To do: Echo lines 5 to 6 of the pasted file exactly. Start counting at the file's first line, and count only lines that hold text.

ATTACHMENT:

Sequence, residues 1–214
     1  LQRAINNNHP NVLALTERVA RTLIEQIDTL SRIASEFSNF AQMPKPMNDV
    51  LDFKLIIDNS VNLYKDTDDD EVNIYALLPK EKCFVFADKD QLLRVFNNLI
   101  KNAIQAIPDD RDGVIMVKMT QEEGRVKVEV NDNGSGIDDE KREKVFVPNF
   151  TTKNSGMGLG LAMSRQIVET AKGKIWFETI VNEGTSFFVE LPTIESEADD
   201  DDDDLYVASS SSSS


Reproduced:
   151  TTKNSGMGLG LAMSRQIVET AKGKIWFETI VNEGTSFFVE LPTIESEADD
   201  DDDDLYVASS SSSS